Amid measles outbreaks on the nation’s coasts, it appears a smaller number of Madison public school students are foregoing one or more state-required vaccinations because their parents have ideological or other non-science-based objections to them.
That’s not the case at some Dane County private schools, though, where the rates of children attending classes under “personal conviction” vaccination waivers can be high enough to imperil what’s known as “herd immunity.”
Last year’s 372 cases of measles was the most in the United States since 2014, when 667 were reported, according to the Centers for Disease Control and Prevention. Outbreaks — meaning three or more cases of the disease — have been declared this year in Washington and New York states and New York City.
In Washington, the outbreak appears connected to parents who have chosen not to have their children vaccinated — not because their children’s religious faith bars it or because their children are too medically fragile for vaccination, but because the parents have personal qualms about the practice.
In order to protect vulnerable populations who for medical reasons can’t get certain immunizations, and to keep diseases from spreading, generally between 90 percent and 95 percent of a population needs to be immunized.
This “herd immunity can happen at lower percentages when the disease is less contagious,” according to Tracy Saladar, a UW-Madison nursing professor, but that’s not measles, which she called “the most contagious infectious disease.”
State law requires schools to report vaccination rates to the Department of Health Services, and of all the Dane County schools that did so for the last school year, most of those with the highest percentages of students on personal conviction waivers were private religious schools.
The Baptist Utica Christian School in Stoughton had the highest percentage of students on personal conviction waivers, or 45 percent. The pre-K-through-twelfth-grade school currently has 53 students.
By contrast, only 2.0 percent of students in the Madison School District obtained the waivers, down from 2.8 percent in 2013-14.
Utica Principal John Steuerwald wasn’t sure whether his school’s vaccination figure was correct, and didn’t know of any religious beliefs among parents that would make them hostile to vaccines.
But “that’s their decision as parents,” he said, and he wasn’t worried the low vaccination rate among students could make the school susceptible to an outbreak of measles.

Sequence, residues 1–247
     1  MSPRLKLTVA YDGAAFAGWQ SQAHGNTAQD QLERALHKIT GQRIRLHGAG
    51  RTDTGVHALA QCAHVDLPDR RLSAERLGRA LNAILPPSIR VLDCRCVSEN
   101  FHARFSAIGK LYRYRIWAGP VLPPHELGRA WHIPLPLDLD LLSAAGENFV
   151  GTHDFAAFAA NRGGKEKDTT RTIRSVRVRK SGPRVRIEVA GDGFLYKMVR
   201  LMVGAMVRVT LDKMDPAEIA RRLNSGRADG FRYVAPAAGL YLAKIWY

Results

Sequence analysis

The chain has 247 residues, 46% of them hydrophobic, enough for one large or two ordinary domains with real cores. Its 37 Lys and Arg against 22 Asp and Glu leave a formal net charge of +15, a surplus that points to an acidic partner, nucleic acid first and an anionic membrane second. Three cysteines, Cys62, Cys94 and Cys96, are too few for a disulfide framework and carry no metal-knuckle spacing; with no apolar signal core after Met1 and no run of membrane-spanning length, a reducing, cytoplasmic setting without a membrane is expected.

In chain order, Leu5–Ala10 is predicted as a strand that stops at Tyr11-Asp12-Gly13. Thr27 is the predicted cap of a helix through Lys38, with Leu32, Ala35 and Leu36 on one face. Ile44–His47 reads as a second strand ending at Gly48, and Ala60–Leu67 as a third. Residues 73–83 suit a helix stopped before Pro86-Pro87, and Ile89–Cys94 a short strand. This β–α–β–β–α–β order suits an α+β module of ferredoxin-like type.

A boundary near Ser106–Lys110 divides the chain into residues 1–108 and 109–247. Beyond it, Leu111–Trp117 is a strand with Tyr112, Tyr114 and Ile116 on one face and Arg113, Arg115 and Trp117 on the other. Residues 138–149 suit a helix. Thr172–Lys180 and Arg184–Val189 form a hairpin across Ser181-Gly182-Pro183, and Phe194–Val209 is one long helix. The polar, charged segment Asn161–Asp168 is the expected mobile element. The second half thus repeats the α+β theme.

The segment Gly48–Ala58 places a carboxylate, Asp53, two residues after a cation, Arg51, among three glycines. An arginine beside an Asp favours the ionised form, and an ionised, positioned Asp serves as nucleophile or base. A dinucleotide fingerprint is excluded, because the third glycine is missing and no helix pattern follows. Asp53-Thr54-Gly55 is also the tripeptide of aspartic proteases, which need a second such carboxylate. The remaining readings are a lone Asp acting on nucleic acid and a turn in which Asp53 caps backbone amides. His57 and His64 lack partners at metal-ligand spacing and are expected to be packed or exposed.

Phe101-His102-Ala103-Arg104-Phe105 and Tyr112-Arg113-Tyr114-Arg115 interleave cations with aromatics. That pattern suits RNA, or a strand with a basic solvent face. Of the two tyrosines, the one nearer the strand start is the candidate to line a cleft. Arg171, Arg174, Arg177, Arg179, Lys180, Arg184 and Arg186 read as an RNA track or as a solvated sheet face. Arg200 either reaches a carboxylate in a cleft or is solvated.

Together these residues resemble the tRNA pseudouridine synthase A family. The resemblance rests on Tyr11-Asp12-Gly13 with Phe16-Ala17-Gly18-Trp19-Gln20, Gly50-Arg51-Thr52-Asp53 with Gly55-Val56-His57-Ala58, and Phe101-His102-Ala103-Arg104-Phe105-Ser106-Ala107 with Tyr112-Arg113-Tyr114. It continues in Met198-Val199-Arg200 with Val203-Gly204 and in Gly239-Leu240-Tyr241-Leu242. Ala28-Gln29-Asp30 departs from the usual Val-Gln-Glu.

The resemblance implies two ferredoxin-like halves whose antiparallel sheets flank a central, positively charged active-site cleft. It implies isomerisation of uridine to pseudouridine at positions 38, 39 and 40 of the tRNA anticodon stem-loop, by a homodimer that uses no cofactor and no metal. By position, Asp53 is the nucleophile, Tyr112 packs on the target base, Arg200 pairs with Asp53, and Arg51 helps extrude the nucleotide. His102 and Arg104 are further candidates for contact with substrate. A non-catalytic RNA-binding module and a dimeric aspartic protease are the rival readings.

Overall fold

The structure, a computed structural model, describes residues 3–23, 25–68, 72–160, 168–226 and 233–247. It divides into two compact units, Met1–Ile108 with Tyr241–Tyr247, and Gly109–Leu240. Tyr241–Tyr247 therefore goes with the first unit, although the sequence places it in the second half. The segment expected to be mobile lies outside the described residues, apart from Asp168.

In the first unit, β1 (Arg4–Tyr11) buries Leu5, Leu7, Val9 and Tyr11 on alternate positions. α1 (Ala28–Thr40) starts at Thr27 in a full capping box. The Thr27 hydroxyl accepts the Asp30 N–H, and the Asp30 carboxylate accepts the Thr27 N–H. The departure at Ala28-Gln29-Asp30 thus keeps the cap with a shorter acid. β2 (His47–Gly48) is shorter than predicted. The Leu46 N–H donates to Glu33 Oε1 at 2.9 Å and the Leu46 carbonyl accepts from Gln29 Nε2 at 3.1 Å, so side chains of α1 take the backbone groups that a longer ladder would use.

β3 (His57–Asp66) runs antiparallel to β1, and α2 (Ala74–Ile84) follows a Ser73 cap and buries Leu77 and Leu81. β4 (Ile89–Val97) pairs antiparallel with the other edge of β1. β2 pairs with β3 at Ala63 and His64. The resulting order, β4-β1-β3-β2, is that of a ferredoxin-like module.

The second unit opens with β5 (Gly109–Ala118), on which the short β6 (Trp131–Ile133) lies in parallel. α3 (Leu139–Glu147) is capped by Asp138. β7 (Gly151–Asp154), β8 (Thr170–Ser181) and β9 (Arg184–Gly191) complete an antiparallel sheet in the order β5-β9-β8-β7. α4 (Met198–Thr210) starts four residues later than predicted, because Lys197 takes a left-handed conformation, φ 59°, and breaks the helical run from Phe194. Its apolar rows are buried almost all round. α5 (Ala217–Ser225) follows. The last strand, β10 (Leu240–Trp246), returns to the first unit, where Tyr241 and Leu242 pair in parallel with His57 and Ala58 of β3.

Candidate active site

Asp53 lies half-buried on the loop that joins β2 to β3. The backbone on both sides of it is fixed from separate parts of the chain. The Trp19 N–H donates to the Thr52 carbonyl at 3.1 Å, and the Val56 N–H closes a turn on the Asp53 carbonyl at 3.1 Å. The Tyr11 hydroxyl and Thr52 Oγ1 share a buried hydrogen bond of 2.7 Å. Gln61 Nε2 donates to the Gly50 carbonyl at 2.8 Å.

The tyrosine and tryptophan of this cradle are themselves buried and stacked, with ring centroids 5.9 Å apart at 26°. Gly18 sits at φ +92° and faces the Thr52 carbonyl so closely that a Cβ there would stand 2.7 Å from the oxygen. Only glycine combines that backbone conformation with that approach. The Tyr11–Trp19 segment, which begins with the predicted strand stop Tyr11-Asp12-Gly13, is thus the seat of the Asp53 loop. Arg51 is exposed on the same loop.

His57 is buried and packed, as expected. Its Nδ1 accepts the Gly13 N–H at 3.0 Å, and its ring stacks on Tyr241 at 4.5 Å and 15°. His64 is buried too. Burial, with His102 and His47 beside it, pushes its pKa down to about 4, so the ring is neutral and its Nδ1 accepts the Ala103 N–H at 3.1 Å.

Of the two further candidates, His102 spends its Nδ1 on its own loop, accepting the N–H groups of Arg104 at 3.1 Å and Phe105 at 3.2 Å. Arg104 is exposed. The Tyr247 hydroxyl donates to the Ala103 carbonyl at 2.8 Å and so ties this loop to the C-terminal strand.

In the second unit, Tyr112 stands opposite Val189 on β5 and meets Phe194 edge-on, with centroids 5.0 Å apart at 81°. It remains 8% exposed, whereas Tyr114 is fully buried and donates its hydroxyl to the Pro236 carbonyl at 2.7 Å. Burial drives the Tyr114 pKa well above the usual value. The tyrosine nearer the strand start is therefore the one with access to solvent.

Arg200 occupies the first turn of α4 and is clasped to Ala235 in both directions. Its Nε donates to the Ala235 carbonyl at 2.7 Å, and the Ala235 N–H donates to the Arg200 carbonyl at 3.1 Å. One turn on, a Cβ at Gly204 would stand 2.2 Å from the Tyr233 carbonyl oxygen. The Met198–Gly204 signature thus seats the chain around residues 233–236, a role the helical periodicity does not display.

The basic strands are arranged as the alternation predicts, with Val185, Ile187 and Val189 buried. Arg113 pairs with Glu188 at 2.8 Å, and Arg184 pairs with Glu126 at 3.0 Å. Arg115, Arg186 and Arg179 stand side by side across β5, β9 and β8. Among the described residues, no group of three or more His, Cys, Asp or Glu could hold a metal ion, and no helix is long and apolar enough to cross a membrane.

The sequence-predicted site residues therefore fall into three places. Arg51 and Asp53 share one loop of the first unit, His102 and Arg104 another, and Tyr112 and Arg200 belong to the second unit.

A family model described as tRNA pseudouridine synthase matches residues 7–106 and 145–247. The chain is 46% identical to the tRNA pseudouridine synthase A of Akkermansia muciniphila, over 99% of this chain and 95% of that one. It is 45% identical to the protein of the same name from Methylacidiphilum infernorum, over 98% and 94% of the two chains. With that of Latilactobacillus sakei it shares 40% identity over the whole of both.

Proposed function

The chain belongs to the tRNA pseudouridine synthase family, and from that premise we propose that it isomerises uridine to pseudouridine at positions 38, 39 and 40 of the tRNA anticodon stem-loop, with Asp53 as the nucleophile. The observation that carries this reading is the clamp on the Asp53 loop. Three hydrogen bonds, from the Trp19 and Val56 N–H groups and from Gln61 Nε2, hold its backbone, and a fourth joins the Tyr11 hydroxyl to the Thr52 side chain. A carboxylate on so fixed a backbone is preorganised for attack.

Sharon Schmeling, executive director of the Wisconsin Council of Religious & Independent Schools, said there’s “nothing in the major denominations ... that are against vaccination,” which is usually seen as a “gift from God.” Utica is not a member of her group, she said.
But low vaccination rates could be the “fruits of independent-minded people” who already show their independence by opting for an alternative to public education for their children, she said.
Doug Butler, principal of Abundant Life Christian School on Madison’s Southeast Side, said that when parents file personal conviction waivers to vaccine requirements with the school, “we don’t press as to why” and it doesn’t keep them from allowing their children in the school.
There’s nothing in the school’s religious underpinnings that would make parents suspicious of vaccines, he said, and while the school doesn’t have a nurse, it does have several parents who work in health care.
The Madison public schools with the highest percentages of students on personal conviction waivers four years ago have seen those percentages fall. Marquette Elementary School on the Near East Side had 13.8 percent of students, or 30, on the waivers. As of last school year, that percentage was 8.0 percent.
O’Keeffe Middle School, which shares a building with Marquette, also had 8 percent of its students on personal conviction waivers last year. The only other Madison public schools with a rate higher than 5 percent were one of the district’s alternative high schools, Shabazz, at 7 percent, and Lowell, Lapham, Franklin and Randall elementary schools, all at 6 percent.